For the variety and beauty of the land, the importance in the course of history and folk traditions, Palaia is one of the most interesting places in the province of Pisa.
Its origins date back to the fourth century, and the various discoveries made in recent years confirm that the area was populated since Etruscan times in that dromos tombs, fargments of every day pottery (earthen ware pots), marble memorial stones belonging to the tombs dug into the tuff, have been found here.
The conformation of the territory, the handicraft and the techniques for the processing of materials make us later on, with the advent of the Romans, the Valdera was subdivided according to the system of land division: the land was cultivated by slaves whereas the nobles lived mainly in the town of Pisa.
With the fall of the Roman Empire up to the year 1000, the countryside emptied and decayed, the plains got marshy and the hills filled up with woods.
In the eleventh century, the population begins to concentrate around the lord’s manor and the building of the medieval castle characterized by two drawbridges drooping on the overhanging rocks, dates back to this period. Throughout the middle ages, Palaia is a source of contention, due to its geographical and strategic position between Pisa, Florence and Lucca.
In fact, until the twelfth century it is under the jurisdiction of Bishop of Lucca , but, since 1192 it came under the Republic of Pisa. It was in that century that Palaia had a Municipal Statute that guaranted it a certain autonomy.
Palaia takes its original name in that period; it means precisely “place where posts are made”. In fact, because of the plain and the frequent floods of the rivers, large amounts of poles were used to stem the waters and part of them were also sent to Pisa for the construction of ships.
In the fourteenth century, Palaia enjoys its maximum splendor with the birth of the village bordered to the east by the “Florentine Gate” and to the west by the “Pisa Gate”.Various Monuments are also built such as:
. St. Andrew’s Church;
. St. Mary’s Church;
. The famous St. Martin’s Parish Church.
In 1406 it passes under the rule of Florence and five years later, in order to put an end to that rule, Niccolò Piccinino occupies the village, killing many inhabitants and imprisoning the Florentine Commissioner, a gesture thwarted by the peace of Ferrara in 1433 which brought the village back under the Florence Jurisdiction.
At the beginning of the century, when the plane is over, Palaia has to face a serious economical and political decline under the French Rule.
In the 9th century, due to the exploitation of agricultural resources, the country’s economy flourishes again, but it os only in 1927-28 that we can see the present territorial configuration of the village.
Itinerary inside the village
Our route starts from St. Martin’s Parish Church, at 400 meters from the walls built on a design of Andrea Pisano between 1270 and 1300 in the Romanesque Style and included in the official list of the national monuments.
It stands outside the inhabited centre because it gathered the parishioners.
It is subdivided into three five-bayed aisles with a raised presbytery housing three chapels.
At the entrance of the Church, on the left, we can find the ancient baptismal font, while in the centre of the nave there is a hexagonal baptismal font.
The body of the church is romanesque in style, while the apse is gothic.
In the floor there are the graves of some famous people of the village, while on the wall there are the ones of all the parish priests of Palaia.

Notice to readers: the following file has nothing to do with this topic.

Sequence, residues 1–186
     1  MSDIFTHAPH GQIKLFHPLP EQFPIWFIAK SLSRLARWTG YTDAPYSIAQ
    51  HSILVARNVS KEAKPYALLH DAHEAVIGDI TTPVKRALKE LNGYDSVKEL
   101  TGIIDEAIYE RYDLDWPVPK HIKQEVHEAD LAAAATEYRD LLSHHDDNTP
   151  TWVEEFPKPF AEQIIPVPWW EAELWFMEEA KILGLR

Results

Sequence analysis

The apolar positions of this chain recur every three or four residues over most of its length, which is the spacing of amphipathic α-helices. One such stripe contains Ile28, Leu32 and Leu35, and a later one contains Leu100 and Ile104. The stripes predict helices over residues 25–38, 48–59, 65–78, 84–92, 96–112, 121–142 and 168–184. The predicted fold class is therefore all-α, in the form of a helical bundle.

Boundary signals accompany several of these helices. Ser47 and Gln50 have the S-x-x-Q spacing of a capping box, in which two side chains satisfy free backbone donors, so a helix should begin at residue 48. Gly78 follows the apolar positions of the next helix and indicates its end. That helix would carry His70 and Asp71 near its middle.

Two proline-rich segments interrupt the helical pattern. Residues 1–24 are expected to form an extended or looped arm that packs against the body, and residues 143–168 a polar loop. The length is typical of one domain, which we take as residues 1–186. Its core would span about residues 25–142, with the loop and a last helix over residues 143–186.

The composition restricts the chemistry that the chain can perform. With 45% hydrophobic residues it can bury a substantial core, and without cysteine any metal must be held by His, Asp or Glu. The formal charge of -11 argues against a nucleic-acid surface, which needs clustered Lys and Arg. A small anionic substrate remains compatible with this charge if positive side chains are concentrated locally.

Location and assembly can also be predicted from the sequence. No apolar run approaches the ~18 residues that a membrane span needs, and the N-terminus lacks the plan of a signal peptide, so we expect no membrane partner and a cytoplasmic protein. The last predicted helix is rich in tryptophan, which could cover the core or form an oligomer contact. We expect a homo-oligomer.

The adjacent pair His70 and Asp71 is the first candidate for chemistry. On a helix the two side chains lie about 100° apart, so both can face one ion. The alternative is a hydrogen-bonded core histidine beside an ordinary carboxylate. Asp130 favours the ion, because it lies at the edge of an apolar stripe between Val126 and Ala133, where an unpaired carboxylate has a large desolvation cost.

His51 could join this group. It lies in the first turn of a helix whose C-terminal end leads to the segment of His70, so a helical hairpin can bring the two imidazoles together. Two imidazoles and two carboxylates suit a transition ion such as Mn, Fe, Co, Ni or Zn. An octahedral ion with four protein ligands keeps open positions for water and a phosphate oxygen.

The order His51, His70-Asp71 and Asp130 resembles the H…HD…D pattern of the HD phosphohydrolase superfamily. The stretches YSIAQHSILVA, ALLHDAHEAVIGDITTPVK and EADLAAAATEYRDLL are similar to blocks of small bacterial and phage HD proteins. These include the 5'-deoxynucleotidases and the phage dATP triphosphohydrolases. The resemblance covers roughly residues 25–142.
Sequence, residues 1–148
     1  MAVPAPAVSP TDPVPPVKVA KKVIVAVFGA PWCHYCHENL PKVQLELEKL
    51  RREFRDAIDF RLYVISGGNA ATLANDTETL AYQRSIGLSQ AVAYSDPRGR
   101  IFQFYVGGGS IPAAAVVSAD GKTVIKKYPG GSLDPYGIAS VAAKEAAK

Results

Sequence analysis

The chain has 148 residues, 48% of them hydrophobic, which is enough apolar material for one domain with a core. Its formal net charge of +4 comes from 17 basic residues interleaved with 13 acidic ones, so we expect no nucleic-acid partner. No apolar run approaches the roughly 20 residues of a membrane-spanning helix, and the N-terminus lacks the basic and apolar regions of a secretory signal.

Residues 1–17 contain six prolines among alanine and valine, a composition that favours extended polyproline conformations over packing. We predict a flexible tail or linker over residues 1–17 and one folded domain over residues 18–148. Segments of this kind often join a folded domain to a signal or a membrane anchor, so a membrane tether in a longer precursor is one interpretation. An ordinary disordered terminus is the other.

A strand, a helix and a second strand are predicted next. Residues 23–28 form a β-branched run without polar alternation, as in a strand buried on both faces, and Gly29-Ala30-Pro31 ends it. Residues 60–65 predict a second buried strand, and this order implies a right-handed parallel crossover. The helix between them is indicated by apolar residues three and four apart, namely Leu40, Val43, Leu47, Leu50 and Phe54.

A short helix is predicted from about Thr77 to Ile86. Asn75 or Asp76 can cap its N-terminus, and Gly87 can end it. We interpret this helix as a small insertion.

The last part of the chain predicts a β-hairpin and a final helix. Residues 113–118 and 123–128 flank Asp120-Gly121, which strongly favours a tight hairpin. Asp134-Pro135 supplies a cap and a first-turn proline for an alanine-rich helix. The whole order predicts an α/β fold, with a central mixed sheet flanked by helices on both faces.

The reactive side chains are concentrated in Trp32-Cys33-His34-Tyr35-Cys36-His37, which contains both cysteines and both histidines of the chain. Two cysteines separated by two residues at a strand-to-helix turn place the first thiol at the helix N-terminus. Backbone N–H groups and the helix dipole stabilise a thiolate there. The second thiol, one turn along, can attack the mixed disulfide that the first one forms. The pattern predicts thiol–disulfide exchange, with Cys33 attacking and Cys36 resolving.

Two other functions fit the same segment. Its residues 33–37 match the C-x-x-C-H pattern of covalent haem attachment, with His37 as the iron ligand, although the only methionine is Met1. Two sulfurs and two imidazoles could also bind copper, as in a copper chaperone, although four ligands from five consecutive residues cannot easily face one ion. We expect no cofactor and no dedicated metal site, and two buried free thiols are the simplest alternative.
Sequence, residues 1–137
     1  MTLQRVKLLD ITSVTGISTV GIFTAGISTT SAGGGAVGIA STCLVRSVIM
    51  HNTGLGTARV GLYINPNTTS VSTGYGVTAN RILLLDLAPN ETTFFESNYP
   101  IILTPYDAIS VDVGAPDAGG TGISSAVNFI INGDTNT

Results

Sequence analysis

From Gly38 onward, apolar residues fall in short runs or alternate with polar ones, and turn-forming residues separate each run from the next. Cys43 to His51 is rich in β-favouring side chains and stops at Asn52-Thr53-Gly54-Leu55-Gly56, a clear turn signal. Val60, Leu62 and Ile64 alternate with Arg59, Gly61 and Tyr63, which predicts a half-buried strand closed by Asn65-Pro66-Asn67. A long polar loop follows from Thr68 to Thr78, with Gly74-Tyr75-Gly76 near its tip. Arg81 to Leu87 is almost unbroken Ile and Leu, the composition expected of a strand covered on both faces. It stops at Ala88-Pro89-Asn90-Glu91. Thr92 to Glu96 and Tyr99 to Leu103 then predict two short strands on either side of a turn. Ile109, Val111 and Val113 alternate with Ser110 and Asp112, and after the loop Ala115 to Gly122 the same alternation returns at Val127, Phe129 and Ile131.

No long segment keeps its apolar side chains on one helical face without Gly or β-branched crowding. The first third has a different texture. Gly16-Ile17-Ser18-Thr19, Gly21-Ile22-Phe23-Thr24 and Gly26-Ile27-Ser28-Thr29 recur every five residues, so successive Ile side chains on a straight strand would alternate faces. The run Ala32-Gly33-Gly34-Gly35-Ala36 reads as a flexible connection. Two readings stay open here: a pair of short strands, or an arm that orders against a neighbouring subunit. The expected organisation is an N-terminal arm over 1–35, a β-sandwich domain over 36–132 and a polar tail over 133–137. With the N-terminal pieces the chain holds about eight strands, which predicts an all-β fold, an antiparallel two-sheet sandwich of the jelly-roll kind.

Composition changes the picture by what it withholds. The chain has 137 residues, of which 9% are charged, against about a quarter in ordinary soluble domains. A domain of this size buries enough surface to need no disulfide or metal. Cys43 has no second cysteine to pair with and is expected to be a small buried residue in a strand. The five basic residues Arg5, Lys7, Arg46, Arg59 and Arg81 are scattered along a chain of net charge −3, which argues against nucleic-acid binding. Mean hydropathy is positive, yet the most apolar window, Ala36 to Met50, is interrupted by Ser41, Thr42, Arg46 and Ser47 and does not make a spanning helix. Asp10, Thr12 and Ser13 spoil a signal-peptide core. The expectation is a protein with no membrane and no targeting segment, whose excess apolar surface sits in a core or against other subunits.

In 1564 Alessandro Guidiccioni pointed out the poor of the parish church which had even been deconsecrated. Guidiccioni ordered some restorations and the closing of two side doors for savings reasons.
After its passing under the Diocese of San Miniato in 1639 and at the end of the plague, the parish church was restored again, enriched after the new baroque style and newly consecrated on 23rd May 1689.
The restorations, however, did not solve the problems of the church which was closed once again, in 1814 along with the adjoining cemetery.
Thirty-two years later, an earthquake furtherly worsened its conditions, but at the end of the 19th century the building was completely renovated by engineer Filippeschi who wanted to give the buiding back its austere and bare aspect, typical of the Medieval tradition, by removing all the Baroque details.
Walking along the street, we can find the market square, where markets and fairs still take place.
The structure was built between 1620 and 1630 at the maximum spread of the plague in the area.
In fact a hospital was built in order to get contagion under control as much as possible.
Just before entering the village, we can find the “Villa del Borgo”, a brick building with a beautiful public park.
On the way leading to Montefoscoli there stands St. Francis Church of 1600, built by the local families Cecchi and Pini for their private burials.
Immediately after this Church, there is the source of Fonchioni which was the only water supply up to the construction of the pipeline in 1950.
Under the road there still exists the washroom where people were obliged to wash only the clothes belonging to sick people hit by contagious diseases.
You can enter the village through the Florentine gate, characterized by a lowered arch, dating back to the 12th century.
On the right you can still see the Fort that presided over the door, while on the left there is the guard tower.
Once beyond the door there is St. Mary’s Church mentioned in a document of 1200, probably dating back to the second half of the previous century (11th century).
It is in the romanesque style and inside it you can admire the “Madonna with child” in glazed by Luca della Robbia (1400-1482).
After passing the “Republic Square”, or Mercatale (as it was called in the past) because it was the palce for markets and fairs, we walk on along “Via del Popolo” (People’s Street) till to reach another door, surmonted by a tower, dating back to the 16th century, which was transformed, after 1665, into the ivic clock tower to witness the Florentine rule, upon Palaia.
On the left, “Via della Fonte” leads to the public washrooms.
Beyond the gate there is a short stretch of open road bordered by a wall on the left; here, there was one of the drawbridges leading, since the 11th century, to the castle and the fortress.